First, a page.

Sock said it was “obviously a very difficult decision when you’re 17-18 years old.  You don’t really grasp the concept of turning professional in a sport. For me, growing up, I played lots of team sports, and really loved the team atmosphere. Still do. So, for me,  I really would have looked forward to playing on a college team, being on a team with some friends, and competing as a team and representing a school. In the end, I’m also someone who, when I start something, I like to finish it.  I thought if I’d gone to school, I would want to stay, get a degree and finish what I start, but I felt ready to take the next step and turn pro.”

When asked about comments from fans and others expressing disappointment that Sock did not follow the route of pursuing a university education, Sock said that it was the first he had heard of any comments, and that he doesn’t delve into the internet looking for editorial comments about him.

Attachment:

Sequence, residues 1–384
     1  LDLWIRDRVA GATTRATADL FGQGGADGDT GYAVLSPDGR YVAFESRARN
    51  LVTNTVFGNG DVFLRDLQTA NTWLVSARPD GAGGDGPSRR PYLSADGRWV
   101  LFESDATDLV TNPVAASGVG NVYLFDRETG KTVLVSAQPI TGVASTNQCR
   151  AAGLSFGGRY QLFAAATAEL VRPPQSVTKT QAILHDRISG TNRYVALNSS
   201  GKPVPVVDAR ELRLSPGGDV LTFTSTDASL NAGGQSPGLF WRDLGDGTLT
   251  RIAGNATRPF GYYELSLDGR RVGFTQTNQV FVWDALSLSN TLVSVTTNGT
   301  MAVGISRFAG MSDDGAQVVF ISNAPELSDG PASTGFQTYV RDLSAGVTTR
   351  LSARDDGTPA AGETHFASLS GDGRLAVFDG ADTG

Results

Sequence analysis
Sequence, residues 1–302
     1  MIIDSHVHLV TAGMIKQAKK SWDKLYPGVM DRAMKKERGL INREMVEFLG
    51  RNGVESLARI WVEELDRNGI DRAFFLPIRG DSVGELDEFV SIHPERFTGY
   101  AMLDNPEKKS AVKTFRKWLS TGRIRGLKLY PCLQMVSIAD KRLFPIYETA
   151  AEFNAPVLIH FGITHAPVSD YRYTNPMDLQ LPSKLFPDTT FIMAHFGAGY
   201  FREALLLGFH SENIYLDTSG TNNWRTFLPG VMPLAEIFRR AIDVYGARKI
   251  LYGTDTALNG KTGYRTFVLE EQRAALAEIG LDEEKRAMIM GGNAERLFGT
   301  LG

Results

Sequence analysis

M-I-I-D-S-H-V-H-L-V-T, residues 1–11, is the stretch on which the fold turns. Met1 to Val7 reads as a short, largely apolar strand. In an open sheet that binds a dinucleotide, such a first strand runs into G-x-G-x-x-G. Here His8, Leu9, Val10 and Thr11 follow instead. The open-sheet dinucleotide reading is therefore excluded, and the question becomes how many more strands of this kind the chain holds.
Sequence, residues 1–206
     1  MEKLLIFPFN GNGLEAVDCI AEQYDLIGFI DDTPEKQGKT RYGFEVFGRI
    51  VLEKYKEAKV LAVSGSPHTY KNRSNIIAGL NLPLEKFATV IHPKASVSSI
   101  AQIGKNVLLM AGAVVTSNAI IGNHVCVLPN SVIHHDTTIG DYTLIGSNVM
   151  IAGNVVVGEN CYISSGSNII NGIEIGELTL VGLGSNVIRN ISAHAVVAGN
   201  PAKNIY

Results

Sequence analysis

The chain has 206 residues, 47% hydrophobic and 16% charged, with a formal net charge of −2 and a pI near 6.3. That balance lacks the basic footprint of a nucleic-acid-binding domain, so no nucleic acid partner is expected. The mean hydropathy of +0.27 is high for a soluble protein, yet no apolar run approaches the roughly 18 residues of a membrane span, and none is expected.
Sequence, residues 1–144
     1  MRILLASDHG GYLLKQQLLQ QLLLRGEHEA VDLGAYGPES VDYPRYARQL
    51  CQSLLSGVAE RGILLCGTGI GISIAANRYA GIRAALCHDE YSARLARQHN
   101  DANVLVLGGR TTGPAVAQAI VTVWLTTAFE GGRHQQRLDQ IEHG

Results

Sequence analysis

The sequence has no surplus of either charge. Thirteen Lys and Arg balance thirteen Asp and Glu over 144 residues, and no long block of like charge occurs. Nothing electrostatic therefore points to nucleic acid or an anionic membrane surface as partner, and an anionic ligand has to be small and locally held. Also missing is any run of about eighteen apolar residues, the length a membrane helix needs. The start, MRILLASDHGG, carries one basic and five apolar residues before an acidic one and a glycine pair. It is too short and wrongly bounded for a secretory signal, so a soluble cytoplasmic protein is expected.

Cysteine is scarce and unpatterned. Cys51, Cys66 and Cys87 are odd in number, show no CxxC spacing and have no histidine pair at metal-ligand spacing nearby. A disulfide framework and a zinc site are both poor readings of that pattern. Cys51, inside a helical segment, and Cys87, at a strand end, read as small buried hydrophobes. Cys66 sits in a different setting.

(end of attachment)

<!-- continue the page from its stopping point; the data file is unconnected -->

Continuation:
Sock recalled his most vivid memory of this year’s US Open as being the Andy Roddick match on Arthur Ashe in which he lost in straight sets, but learned a great deal.  “Andy’s a good friend. Both being from Nebraska is crazy. It’s crazy to be playing another guy from Nebraska in a Grand Slam. The whole build-up, seeing your name for a night match on Arthur Ashe is pretty crazy. The whole introduction, the interview before the match starts, walking out on the court, seeing the lights on, how many people, 18,000, cheering for you, especially an All-American match is pretty crazy.” I reminded him that there were even more people both inside and outside of Arthur Ashe watching him that night.